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The term "civil litigation" applies to cases in which one party (the "plaintiff') brings a lawsuit against another party (the "defendant"). A civil lawsuit is generally funded by the person bringing the suit, unless the law allows the plaintiff to recover attorney's fees and/or costs from the defendant. If a frivolous suit or defense is brought by a party, they can be made to pay attorney's fees and costs.
In order to bring a civil suit, the plaintiff must have a "cause of action," or a legal basis for bringing the action. The plaintiff must allege that the defendant (or defendants if there are a number of different people being sued by the plaintiff) acted, or failed to act, in such a way that violates some rule of law. Civil litigation is different from criminal law, in that, the plaintiff in a civil suit is a private party, and not the state. Likewise, a party (normally) cannot be jailed if they lose in a civil suit.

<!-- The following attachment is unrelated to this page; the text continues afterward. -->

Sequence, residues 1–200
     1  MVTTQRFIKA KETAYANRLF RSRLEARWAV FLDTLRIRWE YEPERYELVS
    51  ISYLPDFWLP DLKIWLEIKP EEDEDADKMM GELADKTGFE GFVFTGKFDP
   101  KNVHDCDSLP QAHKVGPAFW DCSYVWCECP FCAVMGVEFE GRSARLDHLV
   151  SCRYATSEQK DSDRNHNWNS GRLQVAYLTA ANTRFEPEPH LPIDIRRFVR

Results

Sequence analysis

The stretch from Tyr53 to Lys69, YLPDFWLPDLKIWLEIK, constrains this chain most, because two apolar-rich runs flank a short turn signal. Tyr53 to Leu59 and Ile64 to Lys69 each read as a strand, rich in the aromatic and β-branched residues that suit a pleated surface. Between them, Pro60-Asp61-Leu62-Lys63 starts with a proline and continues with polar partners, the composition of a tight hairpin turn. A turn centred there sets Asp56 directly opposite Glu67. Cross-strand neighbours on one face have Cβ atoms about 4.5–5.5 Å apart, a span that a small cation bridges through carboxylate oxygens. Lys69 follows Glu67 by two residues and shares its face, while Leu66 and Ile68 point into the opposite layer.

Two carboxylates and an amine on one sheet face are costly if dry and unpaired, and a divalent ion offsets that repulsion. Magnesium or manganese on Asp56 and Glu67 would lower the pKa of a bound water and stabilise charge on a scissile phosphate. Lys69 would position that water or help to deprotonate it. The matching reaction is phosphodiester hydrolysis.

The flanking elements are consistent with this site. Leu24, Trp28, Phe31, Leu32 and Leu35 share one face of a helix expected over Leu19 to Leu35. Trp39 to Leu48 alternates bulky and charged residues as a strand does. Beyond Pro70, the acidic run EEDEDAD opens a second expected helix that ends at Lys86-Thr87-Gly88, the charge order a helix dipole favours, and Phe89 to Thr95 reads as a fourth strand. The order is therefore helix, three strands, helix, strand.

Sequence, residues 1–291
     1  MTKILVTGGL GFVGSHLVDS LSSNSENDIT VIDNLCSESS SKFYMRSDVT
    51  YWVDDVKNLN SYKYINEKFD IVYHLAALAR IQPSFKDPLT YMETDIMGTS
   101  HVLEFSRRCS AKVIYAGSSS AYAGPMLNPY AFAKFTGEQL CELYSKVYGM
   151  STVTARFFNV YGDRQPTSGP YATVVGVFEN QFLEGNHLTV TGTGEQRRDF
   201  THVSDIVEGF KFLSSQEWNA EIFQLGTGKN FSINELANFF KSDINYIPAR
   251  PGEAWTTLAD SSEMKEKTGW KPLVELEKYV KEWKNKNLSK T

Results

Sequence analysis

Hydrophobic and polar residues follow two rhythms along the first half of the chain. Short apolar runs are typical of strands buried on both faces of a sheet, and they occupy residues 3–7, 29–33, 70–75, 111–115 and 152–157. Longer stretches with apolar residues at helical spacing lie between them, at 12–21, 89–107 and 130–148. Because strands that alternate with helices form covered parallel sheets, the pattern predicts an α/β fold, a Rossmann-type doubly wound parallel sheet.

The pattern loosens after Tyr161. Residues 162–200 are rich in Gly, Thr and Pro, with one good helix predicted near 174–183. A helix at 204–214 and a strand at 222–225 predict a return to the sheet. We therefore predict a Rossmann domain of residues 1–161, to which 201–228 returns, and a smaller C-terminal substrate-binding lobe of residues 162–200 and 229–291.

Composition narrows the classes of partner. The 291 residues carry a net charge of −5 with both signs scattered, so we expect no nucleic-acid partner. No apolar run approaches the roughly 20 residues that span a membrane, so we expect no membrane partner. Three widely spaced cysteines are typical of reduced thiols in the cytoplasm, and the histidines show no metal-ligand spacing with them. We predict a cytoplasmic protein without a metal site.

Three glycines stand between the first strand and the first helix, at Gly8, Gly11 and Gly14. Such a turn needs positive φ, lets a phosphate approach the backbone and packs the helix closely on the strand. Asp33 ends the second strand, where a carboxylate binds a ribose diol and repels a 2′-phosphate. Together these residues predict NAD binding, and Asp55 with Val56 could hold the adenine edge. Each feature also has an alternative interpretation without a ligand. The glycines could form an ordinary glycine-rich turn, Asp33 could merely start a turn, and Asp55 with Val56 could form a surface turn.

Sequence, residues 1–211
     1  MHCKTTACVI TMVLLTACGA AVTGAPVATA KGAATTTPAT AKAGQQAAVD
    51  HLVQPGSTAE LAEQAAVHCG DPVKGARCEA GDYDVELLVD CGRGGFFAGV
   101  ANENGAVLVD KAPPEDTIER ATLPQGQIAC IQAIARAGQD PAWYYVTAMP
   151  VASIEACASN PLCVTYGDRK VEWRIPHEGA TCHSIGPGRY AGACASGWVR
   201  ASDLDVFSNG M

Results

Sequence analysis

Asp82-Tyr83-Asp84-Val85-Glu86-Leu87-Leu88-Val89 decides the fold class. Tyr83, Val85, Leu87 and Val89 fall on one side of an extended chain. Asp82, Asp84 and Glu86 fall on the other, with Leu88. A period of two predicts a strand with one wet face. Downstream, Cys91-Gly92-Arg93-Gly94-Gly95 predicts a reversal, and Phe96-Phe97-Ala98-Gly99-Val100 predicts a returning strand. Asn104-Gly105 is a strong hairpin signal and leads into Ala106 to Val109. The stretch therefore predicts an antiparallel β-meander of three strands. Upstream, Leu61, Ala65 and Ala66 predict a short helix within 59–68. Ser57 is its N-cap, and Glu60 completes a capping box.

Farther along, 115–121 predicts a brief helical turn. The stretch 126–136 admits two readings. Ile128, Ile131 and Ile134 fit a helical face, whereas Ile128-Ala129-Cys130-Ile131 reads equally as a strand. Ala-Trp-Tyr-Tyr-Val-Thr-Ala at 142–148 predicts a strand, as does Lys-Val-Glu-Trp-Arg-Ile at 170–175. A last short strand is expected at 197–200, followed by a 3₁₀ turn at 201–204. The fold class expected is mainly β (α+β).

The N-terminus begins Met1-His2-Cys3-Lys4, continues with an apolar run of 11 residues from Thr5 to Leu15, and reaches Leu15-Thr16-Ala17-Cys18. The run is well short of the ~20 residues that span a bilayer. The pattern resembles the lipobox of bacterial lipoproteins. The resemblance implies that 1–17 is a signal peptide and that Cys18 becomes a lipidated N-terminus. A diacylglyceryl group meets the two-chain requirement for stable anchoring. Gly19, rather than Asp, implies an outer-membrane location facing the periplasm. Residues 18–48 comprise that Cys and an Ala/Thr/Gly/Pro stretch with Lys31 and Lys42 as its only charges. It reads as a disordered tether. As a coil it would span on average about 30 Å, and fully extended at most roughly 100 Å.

Important issues arise when a person or entity wishes to bring a civil suit against another person or entity.
Issues of subject matter jurisdiction, personal jurisdiction, venue, et cetera, come into play when formulating a trial strategy. The Georgia Civil Practice Act applies to most civil cases brought in the state courts of Georgia (including Divorce cases). The Georgia Civil Practice Act does not apply in Federal Courts, Magistrate Courts, or Juvenile Courts of Georgia.
One of the most important aspects of the Civil Practice Act is the ability of both parties to utilize what is termed "discovery."
Discovery is when either or both parties to a civil suit require that the other party provide information about anything relevant about the suit. Such discovery comes in the form of interrogatories, requests for admission, notices to produce documents and other tangible things, depositions (which is a formal interview that is taken down on record under oath), and requests for the production of documents and other tangible things. The parties can even make non-party witnesses submit to discovery regarding a lawsuit.
In addition to the discovery rules of the Civil Practice Act, there are many rules regarding deadlines, motions, and other very important rights and obligations of the parties to the suit. In most cases, either party can have their case tried before a jury, if they so choose. Because the rules involved in a civil lawsuit are so complex, anyone involved in a civil suit, either as a plaintiff or as a defendant, should retain an attorney at the earliest possible moment so that they can preserve their rights.
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